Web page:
Using sudo to Keep Admins Honest? sudon't!
toby_kelsey at ntlworld.com
Sat Nov 4 12:44:05 GMT 2006
Tristan Wibberley wrote:
> According to Matt Zimmerman:
> "You should consider a user with unlimited sudo privileges to be
> equivalent to root from a security perspective."
That's unnecessarily absolutist. The sudo password provides a real barrier.
> So the default user in Ubuntu *is* root, except that sudo just "prompts
> for the user's password as a secondary check which prevents certain
> casual attacks (for example, leaving a session open without locking
> the screen)." - again according to Matt Zimmerman
So any user 'is' root, you just need the password for 'su'. In fact the login
prompt 'is' root as well by that argument.
> It is a *huge* misconception that Ubuntu does not run as root by
> default, because for all security related purposes... it does. It is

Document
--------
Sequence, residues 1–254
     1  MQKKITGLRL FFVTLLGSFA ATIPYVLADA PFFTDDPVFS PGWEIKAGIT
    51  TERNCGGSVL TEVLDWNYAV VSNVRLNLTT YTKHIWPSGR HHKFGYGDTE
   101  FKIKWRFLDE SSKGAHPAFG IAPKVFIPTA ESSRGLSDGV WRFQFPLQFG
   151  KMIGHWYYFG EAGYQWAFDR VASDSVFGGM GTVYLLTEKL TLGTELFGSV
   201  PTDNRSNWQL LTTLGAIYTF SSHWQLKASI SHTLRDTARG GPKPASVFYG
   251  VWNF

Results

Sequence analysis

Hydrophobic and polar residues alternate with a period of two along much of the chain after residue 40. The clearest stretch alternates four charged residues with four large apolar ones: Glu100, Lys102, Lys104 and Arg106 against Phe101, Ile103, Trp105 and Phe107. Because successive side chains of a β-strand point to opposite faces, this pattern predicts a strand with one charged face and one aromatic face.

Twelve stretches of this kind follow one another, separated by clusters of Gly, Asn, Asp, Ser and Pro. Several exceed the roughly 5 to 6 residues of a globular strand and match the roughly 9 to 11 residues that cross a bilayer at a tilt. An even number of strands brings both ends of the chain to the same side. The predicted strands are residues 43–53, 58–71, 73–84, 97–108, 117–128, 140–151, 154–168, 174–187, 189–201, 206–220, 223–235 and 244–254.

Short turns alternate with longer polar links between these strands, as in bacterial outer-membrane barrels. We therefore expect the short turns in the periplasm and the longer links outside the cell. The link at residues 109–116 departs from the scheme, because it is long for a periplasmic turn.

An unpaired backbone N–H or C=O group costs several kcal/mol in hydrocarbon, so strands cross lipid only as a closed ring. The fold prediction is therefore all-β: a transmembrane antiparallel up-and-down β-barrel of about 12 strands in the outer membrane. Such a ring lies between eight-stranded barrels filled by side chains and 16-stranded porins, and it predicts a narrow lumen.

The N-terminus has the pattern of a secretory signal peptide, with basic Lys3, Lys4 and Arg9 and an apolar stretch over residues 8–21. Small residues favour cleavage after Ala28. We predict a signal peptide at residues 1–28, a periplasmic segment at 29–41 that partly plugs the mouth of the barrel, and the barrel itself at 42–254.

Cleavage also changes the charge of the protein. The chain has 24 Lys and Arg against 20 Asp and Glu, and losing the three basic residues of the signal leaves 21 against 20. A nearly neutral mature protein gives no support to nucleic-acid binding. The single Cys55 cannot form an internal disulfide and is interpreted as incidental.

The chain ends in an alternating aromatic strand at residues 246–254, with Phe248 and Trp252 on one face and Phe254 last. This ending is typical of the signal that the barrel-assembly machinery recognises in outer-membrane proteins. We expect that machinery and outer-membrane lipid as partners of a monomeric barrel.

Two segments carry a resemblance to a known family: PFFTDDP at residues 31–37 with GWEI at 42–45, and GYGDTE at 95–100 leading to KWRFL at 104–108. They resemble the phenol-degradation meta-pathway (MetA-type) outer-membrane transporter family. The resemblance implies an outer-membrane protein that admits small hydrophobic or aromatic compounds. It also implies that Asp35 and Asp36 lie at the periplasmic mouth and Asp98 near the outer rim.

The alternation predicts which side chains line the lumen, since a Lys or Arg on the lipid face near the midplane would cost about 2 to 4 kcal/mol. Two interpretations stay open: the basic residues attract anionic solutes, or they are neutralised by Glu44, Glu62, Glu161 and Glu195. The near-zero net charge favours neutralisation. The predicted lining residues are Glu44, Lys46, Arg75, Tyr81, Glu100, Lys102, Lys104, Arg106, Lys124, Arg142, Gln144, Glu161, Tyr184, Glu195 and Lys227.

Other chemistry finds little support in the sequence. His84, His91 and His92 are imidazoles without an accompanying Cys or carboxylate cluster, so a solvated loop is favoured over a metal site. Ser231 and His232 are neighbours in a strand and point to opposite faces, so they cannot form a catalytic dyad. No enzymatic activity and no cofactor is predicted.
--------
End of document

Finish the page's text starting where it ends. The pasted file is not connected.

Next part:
> trivial to escalate privileges once you have compromised somebody's account.
> You should *never* use your default account for day-to-day usage.
That's silly. So you should have a second account, which you log in from to
your first account, which you run sudo from? But then the second account is
equivalent to root because it is trivial to escalate privileges, so you need
a third account from which you log into your second account, but then ...
The reality is that the default user must have a way of performing
administrative functions. That requires escalating privileges. If an attacker
cannot crack the system directly then they need to compromise the user account,
and trick the user into giving them extra privileges. Using sudo can make that
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